Tuesday, May 26, 2009

Common Grackle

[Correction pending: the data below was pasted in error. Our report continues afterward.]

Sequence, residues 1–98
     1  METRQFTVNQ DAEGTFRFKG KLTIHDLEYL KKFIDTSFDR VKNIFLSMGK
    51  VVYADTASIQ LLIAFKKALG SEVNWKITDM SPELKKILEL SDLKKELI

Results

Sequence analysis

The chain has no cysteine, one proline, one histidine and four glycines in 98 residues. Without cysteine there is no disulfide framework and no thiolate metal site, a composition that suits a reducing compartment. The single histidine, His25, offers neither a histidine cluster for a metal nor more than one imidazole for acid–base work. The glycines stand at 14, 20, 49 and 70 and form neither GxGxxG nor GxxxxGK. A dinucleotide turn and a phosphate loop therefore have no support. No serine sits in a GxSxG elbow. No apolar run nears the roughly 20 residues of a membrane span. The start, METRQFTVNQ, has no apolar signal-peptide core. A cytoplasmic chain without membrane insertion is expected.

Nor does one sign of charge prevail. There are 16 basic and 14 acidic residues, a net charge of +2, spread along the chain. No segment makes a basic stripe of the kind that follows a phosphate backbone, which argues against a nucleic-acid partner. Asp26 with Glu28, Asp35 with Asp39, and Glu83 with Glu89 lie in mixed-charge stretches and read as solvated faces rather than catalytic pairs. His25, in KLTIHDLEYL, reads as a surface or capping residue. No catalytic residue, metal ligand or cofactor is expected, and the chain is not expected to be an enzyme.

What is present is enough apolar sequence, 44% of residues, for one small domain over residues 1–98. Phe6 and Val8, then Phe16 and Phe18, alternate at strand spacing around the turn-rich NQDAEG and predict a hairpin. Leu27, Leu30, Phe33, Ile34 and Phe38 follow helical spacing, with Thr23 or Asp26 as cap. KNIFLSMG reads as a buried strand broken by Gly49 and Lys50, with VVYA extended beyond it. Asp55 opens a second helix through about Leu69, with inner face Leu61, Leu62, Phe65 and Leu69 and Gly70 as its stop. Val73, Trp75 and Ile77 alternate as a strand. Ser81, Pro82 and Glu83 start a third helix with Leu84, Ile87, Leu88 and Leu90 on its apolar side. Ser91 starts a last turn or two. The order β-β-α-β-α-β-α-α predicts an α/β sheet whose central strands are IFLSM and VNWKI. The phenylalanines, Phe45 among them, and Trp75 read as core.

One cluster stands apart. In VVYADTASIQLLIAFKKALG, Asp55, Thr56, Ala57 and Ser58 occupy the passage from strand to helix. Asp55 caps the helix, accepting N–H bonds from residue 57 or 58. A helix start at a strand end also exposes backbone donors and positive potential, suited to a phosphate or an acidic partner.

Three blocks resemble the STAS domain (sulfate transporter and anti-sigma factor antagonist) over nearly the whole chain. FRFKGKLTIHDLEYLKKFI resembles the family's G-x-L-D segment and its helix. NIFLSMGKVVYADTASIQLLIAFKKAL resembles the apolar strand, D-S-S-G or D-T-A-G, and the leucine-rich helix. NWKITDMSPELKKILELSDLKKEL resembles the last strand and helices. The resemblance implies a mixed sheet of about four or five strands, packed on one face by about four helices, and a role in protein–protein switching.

These raucous birds are common throughout Missouri as well as most all of the Eastern United States. These are the Common Grackle (Quiscalus quiscula). Often mistakenly called Starlings, these are not starlings. The main way to tell the difference is; grackles have white eyes and long tails, starlings have short tails and dark eyes. Starlings are speckled with yellow spots in the winter, and during the spring/summer breeding season they are iridescent much like the grackles. The Common Grackle from a distance resembles blackbirds, upon closer inspection you will notice the beautiful purplish-blue colored head and iridescent feathers. They are a rather long and lanky bird with long legs. They are often seen walking across lawns. This picture was taken at Krug Park in St. Joseph, Missouri. This park features a lagoon that is commonly visited by Canada Geese, plus the city keeps a flock of tame geese and ducks. The public will usually show up in large numbers during nice weather to feed the fowl. The grackles have gotten in on the action and learned where an easy meal is to be found. There were probably 20 or 30 of these birds all fighting for a piece of bread or an errant cheerio thrown out by some small child. These birds are omnivores, they will feed on seeds, insects, minnows, frogs, berries, dog food or cat food left out for our pets, as well as bread and cheerios like these enterprising grackles. These birds will build nests that are well hidden in dense trees or shrubs like conifers. They will also use man-made structures like birdhouses. It is common for them to nest in large colonies, with many nests in the same tree or nearby area. These birds are usually monogamous. Females will usually choose the nesting site and construct the nest. The bottom of the nest is lined with mud then horsehair or grasses. It is not uncommon for males to help in the rearing of not only their own offspring but the offspring of others nesting nearby. One documented case showed two males attending to the young in one nest, with no quarrelling between the two birds, it is assumed one of the males was the father. This behavior would be unusual but certainly not unheard of, typically it is the females who are responsible for the feeding of the young. These birds also practice "Anting" whereby they take ants and rub them through their feathers using the formic acid that the ants naturally produce as a form of pest control. You will find them in most any habitat, from parks, cemeteries, backyards, agricultural fields, and many other open areas.

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